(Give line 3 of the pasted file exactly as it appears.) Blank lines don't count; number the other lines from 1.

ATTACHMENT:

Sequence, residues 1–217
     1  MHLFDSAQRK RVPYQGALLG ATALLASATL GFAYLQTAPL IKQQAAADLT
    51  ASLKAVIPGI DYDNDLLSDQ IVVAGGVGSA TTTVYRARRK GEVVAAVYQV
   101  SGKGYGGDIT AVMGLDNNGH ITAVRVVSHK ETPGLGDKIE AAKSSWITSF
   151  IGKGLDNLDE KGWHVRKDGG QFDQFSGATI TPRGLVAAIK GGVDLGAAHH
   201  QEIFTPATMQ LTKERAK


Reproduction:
    51  ASLKAVIPGI DYDNDLLSDQ IVVAGGVGSA TTTVYRARRK GEVVAAVYQV